Second, it’s clearly true that more and more people are going to be working past the traditional retirement age of 65. For one thing, 65-year-olds are more likely to be healthy and not to think of themselves as elderly. For another thing, most people can’t afford to retire at 65. This is especially true if you have — as most workers now do — defined contribution retirement plans (e.g. 401(k)s) rather than defined benefit plans. If you retire at 65, the odds are quite high that you will outlive your savings.

(Do you know the story of how the retirement age was set? It dates back to Bismarck in Germany. He wanted to offer pensions, but he didn’t want it to cost a lot, and his actuaries told him that most people were dead by 70, so that was set as the retirement age. It was eventually lowered to 65.)

Third, not all grandparents are in their 60s or older. Many are in their 40s or 50s — and this is especially true among low-income grandparents. (Age at first birth is highly correlated with education, and thus with income.)

Fourth, looking into the question of grandparent child care led me to this recent Child Trends Research Brief. Using some recent national surveys, they found that 47 percent of grandparents with grandchildren living nearby provided some sort of child care assistance. (Grandmothers provided child care more often and for more hours than grandfathers, but over 1/3 of grandfathers with grandchildren nearby provided child care.) Interestingly, employed grandparents were more likely to provide child care than those who were unemployed or retired. Presumably, this is because employed grandparents are less likely to have a serious health condition that precludes both work and child care.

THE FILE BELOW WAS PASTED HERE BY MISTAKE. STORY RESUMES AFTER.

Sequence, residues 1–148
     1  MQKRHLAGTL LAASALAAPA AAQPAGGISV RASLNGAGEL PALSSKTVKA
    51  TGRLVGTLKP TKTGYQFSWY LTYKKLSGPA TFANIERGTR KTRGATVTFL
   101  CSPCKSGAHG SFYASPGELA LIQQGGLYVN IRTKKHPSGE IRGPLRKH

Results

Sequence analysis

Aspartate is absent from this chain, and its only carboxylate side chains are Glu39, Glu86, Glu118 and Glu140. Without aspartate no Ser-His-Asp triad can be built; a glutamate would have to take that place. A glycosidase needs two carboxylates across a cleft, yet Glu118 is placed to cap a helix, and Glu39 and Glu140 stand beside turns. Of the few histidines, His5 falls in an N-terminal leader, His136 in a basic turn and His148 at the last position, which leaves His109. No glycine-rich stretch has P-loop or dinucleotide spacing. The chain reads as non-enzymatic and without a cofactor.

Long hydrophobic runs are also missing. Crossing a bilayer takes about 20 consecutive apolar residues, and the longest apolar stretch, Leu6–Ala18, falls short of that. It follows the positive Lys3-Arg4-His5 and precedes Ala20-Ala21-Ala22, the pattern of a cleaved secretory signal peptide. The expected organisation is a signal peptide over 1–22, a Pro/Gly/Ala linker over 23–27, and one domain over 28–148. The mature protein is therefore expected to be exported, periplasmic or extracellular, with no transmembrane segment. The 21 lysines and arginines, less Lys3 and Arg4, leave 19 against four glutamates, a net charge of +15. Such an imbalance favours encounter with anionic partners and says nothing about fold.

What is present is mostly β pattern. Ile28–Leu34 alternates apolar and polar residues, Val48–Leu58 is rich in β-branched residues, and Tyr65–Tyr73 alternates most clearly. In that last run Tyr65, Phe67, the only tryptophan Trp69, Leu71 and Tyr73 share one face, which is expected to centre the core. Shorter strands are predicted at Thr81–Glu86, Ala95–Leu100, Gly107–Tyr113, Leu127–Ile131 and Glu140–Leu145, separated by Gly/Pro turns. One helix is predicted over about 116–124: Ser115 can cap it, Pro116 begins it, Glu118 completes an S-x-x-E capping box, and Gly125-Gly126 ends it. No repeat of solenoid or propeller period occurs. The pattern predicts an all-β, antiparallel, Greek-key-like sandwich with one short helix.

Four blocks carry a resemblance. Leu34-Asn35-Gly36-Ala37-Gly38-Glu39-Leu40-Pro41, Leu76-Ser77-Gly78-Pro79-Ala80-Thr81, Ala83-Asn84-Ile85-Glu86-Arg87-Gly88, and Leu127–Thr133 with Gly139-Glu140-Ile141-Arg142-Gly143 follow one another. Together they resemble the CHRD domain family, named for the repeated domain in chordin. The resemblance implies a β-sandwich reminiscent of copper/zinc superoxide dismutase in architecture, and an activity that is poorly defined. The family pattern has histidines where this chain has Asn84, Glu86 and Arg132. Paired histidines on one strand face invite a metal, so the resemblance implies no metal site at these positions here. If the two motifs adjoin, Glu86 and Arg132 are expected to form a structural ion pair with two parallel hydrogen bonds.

So, while I agree with Amy’s general point that many members of Congress don’t have a clue about the lives of low-income parents, I’m not convinced that this hearing was evidence of it.

As for me, my parents live 300 miles away, and my husband’s are even further. After visiting my family last weekend, and watching my 3 1/2-year-old interact with his grandparents and aunts and uncles, I started having thoughts about moving back to NY. Then I saw the real estate section of the New York Times, and was brought crashing down to reality.